08.01 - The Departure Function Pathway


Departure Function Overview (11:22) (msu.edu)
The philosophy and overall approach for using departure functions.

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Demystifying The Departure Function (11min) (uakron.edu)
...a peek inside the magician's hat. The connection from the real fluid to the ideal gas is not really magic. You can look at it as transforming the interaction potential (ie. u(r)) from 0 (ideal gas) to a Lennard-Jones model (real fluid). Alternatively, you can view it as the difference between the real fluid and ideal gas at each density, summed from zero density (where both exhibit ideal gas behavior) to the density of interest. This latter approach is most convenient and makes good use of our new expertise in derivative manipulations and equations of state.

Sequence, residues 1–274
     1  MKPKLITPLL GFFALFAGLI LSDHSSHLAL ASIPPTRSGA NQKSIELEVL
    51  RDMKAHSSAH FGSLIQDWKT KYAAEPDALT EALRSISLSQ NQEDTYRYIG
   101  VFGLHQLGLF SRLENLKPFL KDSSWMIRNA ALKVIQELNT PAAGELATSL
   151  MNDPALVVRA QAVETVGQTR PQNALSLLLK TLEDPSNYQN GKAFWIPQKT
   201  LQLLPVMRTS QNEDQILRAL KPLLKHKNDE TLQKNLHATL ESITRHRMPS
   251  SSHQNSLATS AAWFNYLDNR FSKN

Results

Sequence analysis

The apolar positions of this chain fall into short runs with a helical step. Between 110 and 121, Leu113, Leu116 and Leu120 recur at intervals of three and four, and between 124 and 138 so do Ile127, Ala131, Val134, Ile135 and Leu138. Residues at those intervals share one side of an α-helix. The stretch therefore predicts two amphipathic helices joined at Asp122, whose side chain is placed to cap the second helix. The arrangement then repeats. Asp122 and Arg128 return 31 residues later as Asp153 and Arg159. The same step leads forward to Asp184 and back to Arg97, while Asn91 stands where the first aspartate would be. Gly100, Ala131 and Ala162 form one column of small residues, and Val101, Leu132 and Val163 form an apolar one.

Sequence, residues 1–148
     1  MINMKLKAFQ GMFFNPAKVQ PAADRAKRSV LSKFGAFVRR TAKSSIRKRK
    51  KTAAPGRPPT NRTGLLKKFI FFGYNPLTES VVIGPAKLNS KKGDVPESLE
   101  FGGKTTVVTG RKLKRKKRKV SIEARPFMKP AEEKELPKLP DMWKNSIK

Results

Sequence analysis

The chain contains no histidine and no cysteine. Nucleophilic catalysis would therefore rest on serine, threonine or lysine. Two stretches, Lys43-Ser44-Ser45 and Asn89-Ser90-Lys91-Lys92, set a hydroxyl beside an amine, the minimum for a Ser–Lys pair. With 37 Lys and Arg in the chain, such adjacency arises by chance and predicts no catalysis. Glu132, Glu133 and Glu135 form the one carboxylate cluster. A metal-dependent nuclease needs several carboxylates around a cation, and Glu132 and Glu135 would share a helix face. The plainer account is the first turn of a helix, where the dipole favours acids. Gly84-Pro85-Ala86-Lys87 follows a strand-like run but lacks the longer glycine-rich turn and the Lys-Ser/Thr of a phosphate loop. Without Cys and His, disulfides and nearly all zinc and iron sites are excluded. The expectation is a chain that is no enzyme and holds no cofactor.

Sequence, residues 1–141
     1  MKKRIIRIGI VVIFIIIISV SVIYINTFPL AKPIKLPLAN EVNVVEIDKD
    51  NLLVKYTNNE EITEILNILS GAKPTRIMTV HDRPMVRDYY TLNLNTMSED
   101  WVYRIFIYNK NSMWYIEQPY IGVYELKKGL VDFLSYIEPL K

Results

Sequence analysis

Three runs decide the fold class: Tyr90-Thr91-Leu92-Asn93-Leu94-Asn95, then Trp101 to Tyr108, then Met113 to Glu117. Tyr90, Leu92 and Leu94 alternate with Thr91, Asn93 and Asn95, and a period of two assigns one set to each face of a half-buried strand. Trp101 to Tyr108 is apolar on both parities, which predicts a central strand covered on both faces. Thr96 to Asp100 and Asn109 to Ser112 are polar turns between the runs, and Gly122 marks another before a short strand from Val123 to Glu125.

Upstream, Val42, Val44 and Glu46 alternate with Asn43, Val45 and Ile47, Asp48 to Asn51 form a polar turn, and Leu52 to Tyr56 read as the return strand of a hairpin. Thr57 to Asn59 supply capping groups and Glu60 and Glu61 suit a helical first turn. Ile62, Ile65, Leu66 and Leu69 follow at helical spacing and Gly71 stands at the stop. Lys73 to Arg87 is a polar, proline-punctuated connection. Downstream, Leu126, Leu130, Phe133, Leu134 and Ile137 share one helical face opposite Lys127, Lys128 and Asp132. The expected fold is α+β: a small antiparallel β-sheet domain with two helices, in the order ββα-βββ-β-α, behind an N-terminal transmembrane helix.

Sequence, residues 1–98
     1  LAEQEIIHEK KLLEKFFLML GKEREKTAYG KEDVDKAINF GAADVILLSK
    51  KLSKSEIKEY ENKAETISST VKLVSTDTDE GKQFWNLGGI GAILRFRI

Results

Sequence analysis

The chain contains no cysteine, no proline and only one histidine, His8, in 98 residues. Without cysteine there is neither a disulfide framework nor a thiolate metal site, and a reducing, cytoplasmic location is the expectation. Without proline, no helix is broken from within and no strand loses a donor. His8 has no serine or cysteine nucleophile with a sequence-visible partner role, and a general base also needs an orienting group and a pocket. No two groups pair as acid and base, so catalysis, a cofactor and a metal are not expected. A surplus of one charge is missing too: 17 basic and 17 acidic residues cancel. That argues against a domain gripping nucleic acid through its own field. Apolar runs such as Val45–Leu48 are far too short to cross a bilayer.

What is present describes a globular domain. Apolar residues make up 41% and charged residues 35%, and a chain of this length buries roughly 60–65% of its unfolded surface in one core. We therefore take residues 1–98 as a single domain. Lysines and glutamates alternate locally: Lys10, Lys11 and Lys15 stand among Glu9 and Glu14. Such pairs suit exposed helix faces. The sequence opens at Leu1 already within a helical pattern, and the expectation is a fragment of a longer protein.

Comprehension Questions:

1. In the diagram of (A-Ac)/RTc, which state represents the closest point to an ideal gas: A, B, C, or D?
2. Write out the departure function pathway in its various steps to compute "U" = (U-URef).
3. Identify the steps in #2 above as departure function or ideal gas contributions.
4. For propane at 355K and 3MPa, (U-Uig)= -2572 J/mol. We can compute Uig(355K)-Uig(230K)=8000 J/mol. The departure function for liquid propane at 230K, 0.1MPa is (U-Uig)= -16970 J/mol. Compute the value of "U" at 355K and 3MPa relative to liquid propane at 230, and 0.1MPa using this information.
5. Compare your answer to the value given by PREOS.xlsx.
6. Compare your answer to the value given by the pathway of Figure 2.6c. (Hint: use Eqn. 2.47 to decide whether 355K,3MPa corresponds to a vapor or liquid.)

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